How might we design a center console that will appeal to millennials? 

Our approach to tackling such a broad research question, posed to us by Honda, was to utilize a wide set of research methods with following objectives in mind:


to listen

to what people say (in-context interviews)


to observe

what people do (in-context interviews)


to experience

what people make
(make-tool sessions)


We began by intercepting 61 students who were about to leave a parking lot. 

The in-context interviews revealed the overall workflow and the priority of items within the center console. After being granted permission, we then photographed the current state of their center consoles. 


We learned that valuable items are stored as grab and go, whereas long term items are less valuable with the exception of chargers.

None of the participants stated they kept trash in their center console but observations proved otherwise. 


After learning the current state of center consoles, we sought to understand what the ideal state of a center console would be for millenials through make-tools.

A make tool is a co-creation research method where common building blocks are given to participants so that they may creatively problem solve and better articulate their needs. 

In our research, we gathered 16 groups of 5 people to build their ideal center consoles and describe the features that were most important to them. We gave the participants a wide range of basic foam shapes covered in felt and lots of velcro strips!


After reviewing the video and models, we extracted keywords and organized them into categories through post-it note exploration and rearrangement.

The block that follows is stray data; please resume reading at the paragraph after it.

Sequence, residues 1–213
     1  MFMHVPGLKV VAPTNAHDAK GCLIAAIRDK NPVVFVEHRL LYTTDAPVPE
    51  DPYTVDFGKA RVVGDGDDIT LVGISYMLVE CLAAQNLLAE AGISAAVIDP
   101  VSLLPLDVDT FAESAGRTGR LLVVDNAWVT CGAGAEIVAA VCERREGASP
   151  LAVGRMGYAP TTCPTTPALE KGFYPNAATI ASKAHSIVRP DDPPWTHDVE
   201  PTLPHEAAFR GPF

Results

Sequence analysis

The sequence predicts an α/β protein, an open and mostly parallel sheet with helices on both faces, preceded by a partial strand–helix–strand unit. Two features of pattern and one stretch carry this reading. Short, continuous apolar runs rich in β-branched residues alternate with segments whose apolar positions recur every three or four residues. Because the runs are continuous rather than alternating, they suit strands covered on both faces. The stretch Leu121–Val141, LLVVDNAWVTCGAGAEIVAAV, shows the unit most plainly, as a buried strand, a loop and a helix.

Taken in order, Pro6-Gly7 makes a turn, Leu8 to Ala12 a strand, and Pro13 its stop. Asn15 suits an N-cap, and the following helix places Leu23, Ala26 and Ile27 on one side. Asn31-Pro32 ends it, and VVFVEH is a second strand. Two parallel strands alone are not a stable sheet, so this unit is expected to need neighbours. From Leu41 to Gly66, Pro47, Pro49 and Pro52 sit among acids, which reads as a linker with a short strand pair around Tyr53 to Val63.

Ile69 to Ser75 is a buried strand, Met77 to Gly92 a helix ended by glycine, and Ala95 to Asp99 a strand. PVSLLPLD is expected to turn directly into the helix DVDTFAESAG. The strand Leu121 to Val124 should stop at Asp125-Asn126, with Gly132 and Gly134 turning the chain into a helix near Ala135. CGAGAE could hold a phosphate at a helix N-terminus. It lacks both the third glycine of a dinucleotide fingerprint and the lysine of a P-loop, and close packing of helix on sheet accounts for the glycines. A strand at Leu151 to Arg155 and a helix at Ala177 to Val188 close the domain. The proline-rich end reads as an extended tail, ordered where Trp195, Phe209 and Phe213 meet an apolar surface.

Through affinity diagramming we found seven higher level categories with accessibility and aesthetics being the most important.

Accessibility and aesthetics are expected throughout the center console, so we focused on feature mapping the other high level categories.

To synthesize the research findings, the team broke down the insights by finding the higher level relationships between the user, the console and their stuff. We then created objectives and design directions to assist the lead designer and myself in generating concepts. 

To better illustrate how the ideal center console would integrate into the life trajectory of millenials, the team and I developed these personas. The stories are centered around the high level themes generated from the research; Interaction and Modifications, Security and Storage, Technology and Upgradability. 


After sketching out lots of configurations and features, we quickly realized that the best way to visualize the concepts would be to build full scale, functional prototypes.

To respect the project timeline and budget, we decided to build everything utilizing only foamcore. At this point in the project, the team was reduced to a lead industrial designer and myself.



The Honda R&D team was kind enough to lend us a current center console model for the Honda Pilot. The lead designer and I began by building a full sized frame that could convert from Concept A to B by simply swapping out features. 


During this process, the biggest challenge we faced was developing joints, hinges and other connecting components. Both concepts featured two-way access to the rear storage section along with adaptable components in the front of the console.


Once the models were complete, we had users give us feedback on the concepts after a quick demonstration of all the features.

The comments were very positive and aligned with the insights from our initial research.

“Being given an option is better than being told how to use something.”

“The motions seem classier. Also, cords are not just stuffed underneath a door, they’re organized.”

“I like the idea of the interchangeable units because I like to organize my things my own way.”

The final design details are still confidential but the research and design inputs are expected to debut in the 2016 Honda Pilot.